Anita Martin, who was a resident of Illinois, sued the elder care company, Petersen Health Care, after the death of her mother, Marlene Hill. Hill lived in the Bloomington Rehabilitation & Healthcare Center, which was operated and run by Petersen Healthcare.

Hill unfortunately died on May 15, 2020 with “COVID-19” listed as a substantial contributing factor,”  the lawsuit stated.

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Paul Smith was admitted to the Attleboro Nursing & Rehabilitation Center where he was recognized as a fall risk. Three years after his admission, he suffered a fall that resulted in a fractured hip. His condition deteriorated, and he died approximately two weeks later. Smith was survived by his son and wife.

The Smith estate sued the nursing home and several related entities alleging that these defendants had chosen not to properly evaluate Smith and failed to take the necessary steps to minimize his risk of falling and injuring himself.  The Smith family lawyer argued that his fall was preventable, which directly led to a decline in his health. It was also alleged that the fall was a cause of his death just two weeks after his hip fracture.

Before trial, the parties settled this case for $120,000.

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Charles Jackson lived at Care Pavilion Nursing & Rehabilitation Center for more than four years. During his time there,  he allegedly suffered more than 14 undocumented falls. After one fall, he was found on a bathroom floor and was taken to a hospital where he underwent a hip replacement.

Jackson was returned to the nursing home but was transferred back to the hospital less than one month later.  There, he was diagnosed as having sepsis and severe dehydration.

He died just over two weeks later from respiratory distress, sepsis and a prosthetic hip infection. Jackson, 83 at the time of his death, was survived by his adult daughter.

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Vera Petrella was a resident of the Arden Courts of Yardley long-term care facility. She had a history of coronary artery disease, hypertension, dementia and Parkinson’s disease.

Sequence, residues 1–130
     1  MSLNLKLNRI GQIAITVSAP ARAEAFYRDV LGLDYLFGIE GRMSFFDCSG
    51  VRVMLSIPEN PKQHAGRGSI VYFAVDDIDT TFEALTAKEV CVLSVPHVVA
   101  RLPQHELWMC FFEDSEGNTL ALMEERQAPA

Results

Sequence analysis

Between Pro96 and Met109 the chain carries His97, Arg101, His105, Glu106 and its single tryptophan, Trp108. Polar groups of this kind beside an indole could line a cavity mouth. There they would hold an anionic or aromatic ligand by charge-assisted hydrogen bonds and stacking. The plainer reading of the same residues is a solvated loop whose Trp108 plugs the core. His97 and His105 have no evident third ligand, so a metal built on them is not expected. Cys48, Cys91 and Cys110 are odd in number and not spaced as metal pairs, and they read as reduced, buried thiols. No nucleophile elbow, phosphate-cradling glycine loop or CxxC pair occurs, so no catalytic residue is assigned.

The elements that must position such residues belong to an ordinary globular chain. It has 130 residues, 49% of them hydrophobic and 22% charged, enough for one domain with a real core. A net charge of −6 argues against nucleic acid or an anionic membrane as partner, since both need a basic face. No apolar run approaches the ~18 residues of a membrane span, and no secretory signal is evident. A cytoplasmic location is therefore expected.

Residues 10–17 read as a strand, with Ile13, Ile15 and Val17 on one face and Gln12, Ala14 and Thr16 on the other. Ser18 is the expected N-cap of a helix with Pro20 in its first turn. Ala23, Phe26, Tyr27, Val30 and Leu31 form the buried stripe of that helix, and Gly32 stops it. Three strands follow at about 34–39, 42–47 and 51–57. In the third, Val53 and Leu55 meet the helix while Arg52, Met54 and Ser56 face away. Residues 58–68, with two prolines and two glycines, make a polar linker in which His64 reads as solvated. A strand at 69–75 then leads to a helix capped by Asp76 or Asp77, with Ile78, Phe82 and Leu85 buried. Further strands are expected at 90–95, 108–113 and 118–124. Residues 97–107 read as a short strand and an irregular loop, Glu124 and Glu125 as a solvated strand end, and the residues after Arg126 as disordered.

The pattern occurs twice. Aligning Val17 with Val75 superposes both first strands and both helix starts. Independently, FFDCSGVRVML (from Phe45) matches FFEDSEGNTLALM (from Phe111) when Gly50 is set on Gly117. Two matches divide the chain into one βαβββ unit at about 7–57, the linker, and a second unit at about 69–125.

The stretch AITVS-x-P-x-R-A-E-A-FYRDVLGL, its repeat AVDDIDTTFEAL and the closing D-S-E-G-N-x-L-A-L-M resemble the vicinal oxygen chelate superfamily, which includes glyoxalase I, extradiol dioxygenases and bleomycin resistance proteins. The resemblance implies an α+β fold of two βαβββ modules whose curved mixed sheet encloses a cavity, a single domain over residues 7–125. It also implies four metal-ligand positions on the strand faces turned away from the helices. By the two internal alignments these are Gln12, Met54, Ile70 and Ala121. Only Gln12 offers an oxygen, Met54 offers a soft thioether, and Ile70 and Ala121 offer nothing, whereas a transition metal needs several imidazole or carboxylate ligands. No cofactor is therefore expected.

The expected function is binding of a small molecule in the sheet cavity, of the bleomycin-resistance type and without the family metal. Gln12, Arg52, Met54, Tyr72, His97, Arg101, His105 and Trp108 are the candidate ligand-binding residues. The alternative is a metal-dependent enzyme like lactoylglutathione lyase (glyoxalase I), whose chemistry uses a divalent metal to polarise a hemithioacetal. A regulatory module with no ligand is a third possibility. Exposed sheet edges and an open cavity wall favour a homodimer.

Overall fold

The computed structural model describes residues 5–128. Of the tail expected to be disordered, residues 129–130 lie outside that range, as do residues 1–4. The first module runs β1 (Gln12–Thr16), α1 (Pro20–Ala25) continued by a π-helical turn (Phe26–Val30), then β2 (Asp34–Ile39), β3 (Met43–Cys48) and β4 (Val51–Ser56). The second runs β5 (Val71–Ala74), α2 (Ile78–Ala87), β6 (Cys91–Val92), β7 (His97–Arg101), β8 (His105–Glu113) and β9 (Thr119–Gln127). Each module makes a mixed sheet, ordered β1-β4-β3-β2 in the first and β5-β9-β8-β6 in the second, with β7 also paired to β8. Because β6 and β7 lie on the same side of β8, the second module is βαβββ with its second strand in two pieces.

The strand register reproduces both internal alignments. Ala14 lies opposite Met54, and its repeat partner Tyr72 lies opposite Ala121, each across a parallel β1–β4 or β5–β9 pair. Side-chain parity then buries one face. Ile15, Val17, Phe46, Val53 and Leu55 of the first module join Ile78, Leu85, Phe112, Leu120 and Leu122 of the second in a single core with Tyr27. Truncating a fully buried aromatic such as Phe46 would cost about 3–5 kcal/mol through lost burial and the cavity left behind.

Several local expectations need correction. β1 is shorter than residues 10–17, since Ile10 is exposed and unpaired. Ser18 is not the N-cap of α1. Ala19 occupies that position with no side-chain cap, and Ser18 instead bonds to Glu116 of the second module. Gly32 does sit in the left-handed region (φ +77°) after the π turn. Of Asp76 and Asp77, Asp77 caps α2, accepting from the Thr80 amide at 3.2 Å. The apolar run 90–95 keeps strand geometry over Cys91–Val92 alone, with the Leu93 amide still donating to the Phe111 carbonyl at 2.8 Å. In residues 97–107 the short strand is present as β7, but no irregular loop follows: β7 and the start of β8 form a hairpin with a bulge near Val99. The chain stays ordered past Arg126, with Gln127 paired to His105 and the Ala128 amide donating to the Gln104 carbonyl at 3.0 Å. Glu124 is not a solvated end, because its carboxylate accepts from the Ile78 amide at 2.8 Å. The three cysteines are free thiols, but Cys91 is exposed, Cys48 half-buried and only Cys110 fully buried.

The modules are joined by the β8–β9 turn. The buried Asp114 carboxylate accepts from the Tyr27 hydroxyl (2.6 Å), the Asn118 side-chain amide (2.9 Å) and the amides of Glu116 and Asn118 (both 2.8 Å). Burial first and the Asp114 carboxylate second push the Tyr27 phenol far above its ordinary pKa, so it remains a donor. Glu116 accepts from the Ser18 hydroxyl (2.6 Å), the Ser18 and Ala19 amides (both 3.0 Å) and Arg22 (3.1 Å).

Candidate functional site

Her care plan provided that she would receive assistance transferring her in and out of bed, assistance going to the bathroom and walking. Several weeks after she was admitted, Petrella fell. After several more falls, she suffered a fractured left hip that required surgery. She later died as a result and was survived by her three children.

The Petrella family and children sued Arden Courts of Yardley PA LLC and other entities, alleging claims for wrongful death and survival. The Petrella family claimed that the facility chose not to implement fall prevention measures, adequately assess her condition and provide sufficient supervision.

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Mr. Doe, 84, suffered from advanced dementia and lived in a nursing home. One morning, a nursing assistant found Mr. Doe lying in his bed with his head caught between the bed frame and side rail. Shortly after he was discovered, Mr. Doe was pronounced dead. The nursing home allegedly falsely reported to the medical examiner that Mr. Doe had died of cardiac arrest related to his hypertension.

A lawsuit against the nursing home alleged that it chose not to use safe bedrails that allowed for 2 3/8 inches of space between the mattress and the bedrails. The Doe family charged that the space between Mr. Doe’s bedrails and mattress was 7 inches, which allowed him to slide in between the mattress and rails, becoming trapped and strangled.

The lawsuit also alleged that the defendant nursing home had wrongfully chosen not to report that the actual cause in Mr. Doe’s death was bedrail strangulation.